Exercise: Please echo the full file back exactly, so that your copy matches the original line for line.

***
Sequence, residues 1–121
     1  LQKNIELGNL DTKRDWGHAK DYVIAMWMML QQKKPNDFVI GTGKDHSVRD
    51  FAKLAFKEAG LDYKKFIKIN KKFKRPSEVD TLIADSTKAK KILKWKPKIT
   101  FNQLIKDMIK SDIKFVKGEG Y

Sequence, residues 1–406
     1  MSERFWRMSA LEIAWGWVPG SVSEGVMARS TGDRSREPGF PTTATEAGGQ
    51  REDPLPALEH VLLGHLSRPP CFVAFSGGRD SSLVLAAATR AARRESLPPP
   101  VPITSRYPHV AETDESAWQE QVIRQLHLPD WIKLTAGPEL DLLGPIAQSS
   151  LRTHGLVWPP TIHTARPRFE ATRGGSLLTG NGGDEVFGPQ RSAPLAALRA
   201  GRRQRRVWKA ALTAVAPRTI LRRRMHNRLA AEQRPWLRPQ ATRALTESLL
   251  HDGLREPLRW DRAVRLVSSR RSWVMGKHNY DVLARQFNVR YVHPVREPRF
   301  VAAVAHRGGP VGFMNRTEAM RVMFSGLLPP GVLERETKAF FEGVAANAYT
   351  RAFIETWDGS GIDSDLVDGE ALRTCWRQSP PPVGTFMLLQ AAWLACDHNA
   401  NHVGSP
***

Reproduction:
Sequence, residues 1–121
     1  LQKNIELGNL DTKRDWGHAK DYVIAMWMML QQKKPNDFVI GTGKDHSVRD
    51  FAKLAFKEAG LDYKKFIKIN KKFKRPSEVD TLIADSTKAK KILKWKPKIT
   101  FNQLIKDMIK SDIKFVKGEG Y

Sequence, residues 1–406
     1  MSERFWRMSA LEIAWGWVPG SVSEGVMARS TGDRSREPGF PTTATEAGGQ
    51  REDPLPALEH VLLGHLSRPP CFVAFSGGRD SSLVLAAATR AARRESLPPP
   101  VPITSRYPHV AETDESAWQE QVIRQLHLPD WIKLTAGPEL DLLGPIAQSS
   151  LRTHGLVWPP TIHTARPRFE ATRGGSLLTG NGGDEVFGPQ RSAPLAALRA
   201  GRRQRRVWKA ALTAVAPRTI LRRRMHNRLA AEQRPWLRPQ ATRALTESLL
   251  HDGLREPLRW DRAVRLVSSR RSWVMGKHNY DVLARQFNVR YVHPVREPRF
   301  VAAVAHRGGP VGFMNRTEAM RVMFSGLLPP GVLERETKAF FEGVAANAYT
   351  RAFIETWDGS GIDSDLVDGE ALRTCWRQSP PPVGTFMLLQ AAWLACDHNA
   401  NHVGSP